• 6. Surname 6 Affidavit of support An immigrant may enter the United States upon the request of a sponsor who pledges to support him. The family must be financially stable meaning that the immigrant will not rely on the federal government for financial aid. The sponsor signs the affidavit of support as provided by the agency to ensure the immigrant does not become a public burden. The USCIS provides two types of affidavits, the USCIS Form I-134, and the USCIS Form I-864. The USCIS Form I- 134 is applicable to temporary visitors, diversity visa immigrants, and public interest parole. This form of the affidavit is not enforceable. On the other hand, the USCIS Form I-864 is applicable to family visa petitions and some employment visa petitions. Affidavit of this kind is enforceable (Baumgartner 227). The agency also provides the regulations on who qualifies as a sponsor. Application for travel documents The USCIS is also mandated to coordinate the issuing of a reentry permit, refugee travel documents, or advance parole upon the payment of a fee. The applicant must make the application while in the United States. A reentry permit is used by permanent resident who wants to return to the United States from abroad during the period of the permit validity without necessarily obtaining a returning resident visa. On the other hand, the USCIS travel document is used for purposes of travel. The travel document will also facilitate the refugees return to the US after traveling abroad (Divine 1-32). Formation and purpose of the United States Citizenship and Immigration Services The USCIS was created on March 1, 2003. On this date, the agency assumed the responsibility for the all the service function of the immigration in the federal government. This was preceded by the dismantling of the Immigration and the Naturalization Service (INS) by the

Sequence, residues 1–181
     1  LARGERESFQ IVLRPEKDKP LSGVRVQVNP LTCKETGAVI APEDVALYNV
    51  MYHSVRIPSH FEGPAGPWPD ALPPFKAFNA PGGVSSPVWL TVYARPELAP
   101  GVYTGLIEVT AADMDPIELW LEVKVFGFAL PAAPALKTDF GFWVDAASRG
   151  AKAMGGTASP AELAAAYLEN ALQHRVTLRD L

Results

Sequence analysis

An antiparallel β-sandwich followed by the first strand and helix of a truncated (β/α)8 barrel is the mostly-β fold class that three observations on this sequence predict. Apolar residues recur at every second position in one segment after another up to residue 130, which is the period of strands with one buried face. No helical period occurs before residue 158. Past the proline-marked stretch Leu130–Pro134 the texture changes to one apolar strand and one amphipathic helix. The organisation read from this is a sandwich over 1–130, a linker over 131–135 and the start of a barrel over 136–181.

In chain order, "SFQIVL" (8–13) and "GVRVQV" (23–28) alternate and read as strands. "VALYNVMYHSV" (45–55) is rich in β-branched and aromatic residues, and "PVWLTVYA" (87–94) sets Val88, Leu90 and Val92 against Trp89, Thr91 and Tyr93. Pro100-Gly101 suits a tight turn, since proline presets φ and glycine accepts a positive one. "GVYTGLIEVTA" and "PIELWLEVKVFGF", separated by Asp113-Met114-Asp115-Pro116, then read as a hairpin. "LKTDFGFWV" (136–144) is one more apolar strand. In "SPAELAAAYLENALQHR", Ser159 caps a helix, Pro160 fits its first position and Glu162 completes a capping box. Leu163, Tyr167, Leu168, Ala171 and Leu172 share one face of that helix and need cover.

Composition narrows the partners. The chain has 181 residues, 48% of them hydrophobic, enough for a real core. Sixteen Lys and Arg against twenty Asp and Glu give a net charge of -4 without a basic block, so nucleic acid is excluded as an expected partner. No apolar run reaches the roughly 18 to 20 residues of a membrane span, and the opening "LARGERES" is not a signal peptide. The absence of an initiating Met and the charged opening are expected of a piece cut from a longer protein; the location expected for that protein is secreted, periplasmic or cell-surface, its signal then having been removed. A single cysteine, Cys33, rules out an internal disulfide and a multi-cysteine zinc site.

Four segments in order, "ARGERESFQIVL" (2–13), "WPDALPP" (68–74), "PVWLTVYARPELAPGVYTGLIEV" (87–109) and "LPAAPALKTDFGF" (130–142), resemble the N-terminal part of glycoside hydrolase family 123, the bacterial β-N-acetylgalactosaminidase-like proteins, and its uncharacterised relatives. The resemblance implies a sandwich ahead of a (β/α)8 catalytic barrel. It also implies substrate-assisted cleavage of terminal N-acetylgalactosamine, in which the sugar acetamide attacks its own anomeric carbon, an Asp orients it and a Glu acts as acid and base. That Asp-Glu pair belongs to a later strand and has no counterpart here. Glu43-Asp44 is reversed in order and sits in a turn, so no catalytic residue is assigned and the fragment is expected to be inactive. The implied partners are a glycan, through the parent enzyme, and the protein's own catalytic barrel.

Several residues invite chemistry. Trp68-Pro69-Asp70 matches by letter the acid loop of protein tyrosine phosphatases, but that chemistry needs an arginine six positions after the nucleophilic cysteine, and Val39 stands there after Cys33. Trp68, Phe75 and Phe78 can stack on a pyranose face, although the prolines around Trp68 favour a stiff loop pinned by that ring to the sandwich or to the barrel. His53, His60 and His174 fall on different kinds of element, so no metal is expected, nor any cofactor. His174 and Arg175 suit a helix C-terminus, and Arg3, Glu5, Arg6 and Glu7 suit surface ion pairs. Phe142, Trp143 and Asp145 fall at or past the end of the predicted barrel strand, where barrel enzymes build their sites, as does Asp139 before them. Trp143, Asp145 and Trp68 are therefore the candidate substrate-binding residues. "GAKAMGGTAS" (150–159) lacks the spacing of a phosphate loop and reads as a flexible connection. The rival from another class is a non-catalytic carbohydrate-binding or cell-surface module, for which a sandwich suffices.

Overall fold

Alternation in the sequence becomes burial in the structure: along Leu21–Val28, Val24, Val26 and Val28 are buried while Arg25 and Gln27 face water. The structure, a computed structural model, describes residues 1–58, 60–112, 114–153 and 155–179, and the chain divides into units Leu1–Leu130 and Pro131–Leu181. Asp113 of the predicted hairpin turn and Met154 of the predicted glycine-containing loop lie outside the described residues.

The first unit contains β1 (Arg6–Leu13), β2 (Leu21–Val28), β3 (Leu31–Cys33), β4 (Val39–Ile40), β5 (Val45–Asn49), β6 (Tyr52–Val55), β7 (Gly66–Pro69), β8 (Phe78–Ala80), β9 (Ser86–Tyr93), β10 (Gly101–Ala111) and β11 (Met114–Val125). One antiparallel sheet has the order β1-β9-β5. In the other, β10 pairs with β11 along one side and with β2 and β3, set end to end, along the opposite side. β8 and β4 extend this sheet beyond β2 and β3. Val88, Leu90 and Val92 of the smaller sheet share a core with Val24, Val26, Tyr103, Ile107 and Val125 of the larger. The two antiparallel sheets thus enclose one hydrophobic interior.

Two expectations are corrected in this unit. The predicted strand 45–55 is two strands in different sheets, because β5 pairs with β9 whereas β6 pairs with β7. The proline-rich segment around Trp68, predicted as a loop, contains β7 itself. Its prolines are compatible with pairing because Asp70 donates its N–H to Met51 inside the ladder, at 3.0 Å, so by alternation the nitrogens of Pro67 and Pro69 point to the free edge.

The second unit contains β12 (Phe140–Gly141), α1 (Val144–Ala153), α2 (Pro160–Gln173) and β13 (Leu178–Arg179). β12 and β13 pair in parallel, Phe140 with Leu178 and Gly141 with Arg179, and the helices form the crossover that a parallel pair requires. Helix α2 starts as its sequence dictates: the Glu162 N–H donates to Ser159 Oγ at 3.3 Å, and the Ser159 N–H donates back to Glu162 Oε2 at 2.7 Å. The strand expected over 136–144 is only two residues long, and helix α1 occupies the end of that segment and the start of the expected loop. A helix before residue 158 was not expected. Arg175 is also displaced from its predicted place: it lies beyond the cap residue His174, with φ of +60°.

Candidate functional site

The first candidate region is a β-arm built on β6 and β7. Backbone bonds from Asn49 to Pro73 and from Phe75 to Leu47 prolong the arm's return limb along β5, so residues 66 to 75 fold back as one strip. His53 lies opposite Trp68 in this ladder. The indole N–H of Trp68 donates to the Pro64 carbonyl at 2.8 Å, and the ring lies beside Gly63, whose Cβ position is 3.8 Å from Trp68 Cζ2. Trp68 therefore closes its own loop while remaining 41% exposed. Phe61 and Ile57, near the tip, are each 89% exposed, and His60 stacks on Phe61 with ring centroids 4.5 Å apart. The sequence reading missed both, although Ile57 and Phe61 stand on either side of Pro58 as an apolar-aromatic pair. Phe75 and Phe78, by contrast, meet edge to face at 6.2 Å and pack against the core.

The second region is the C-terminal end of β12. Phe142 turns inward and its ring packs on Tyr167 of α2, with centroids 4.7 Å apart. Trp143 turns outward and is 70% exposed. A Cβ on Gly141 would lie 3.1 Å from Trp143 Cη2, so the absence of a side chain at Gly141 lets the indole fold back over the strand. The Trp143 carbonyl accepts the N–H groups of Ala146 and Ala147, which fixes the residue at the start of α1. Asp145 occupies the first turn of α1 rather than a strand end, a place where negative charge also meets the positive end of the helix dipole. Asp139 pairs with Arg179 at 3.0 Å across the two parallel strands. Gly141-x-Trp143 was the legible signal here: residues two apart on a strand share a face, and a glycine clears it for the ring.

• 7. Surname 7 Homeland Security Act of 2002 (PUBLIC LAW 107–296—NOV. 25, 2002). The Act separated the INS into three agencies all under the Department of Homeland Security. The other two are the Customs and Border Patrol (CBP) and the Immigration and Customs Enforcement (ICE) (Peterson’s 19). The agency was formed to enhance the state of security especially after the September 11 attack and the claims of laxity of the INS. The organization was also established to improve the efficiency of immigration services nationally by focusing exclusively on the administration and provision of the benefit applications. The CBP and the ICE complements the functions of the USCIS by handling the enforcement of immigration and the security functions at the border. Policies that USCIS implement The United States Citizenship and Immigration Services is tasked with implementing a number of policies and procedures. These policies are in the USCIS Policy Manual, an online repository for the agency immigration’s policy (www.uscis.gov). a) National security and public safety b) Non-immigrant policies and procedures c) Policies and procedures for protection and parole d) Policies and procedures for immigrants e) Policies and procedures for refugees f) Policies and procedures for asylees g) Policies and procedures for adjustment of status h) Admissibility policies and procedures i) Policies and procedures for waivers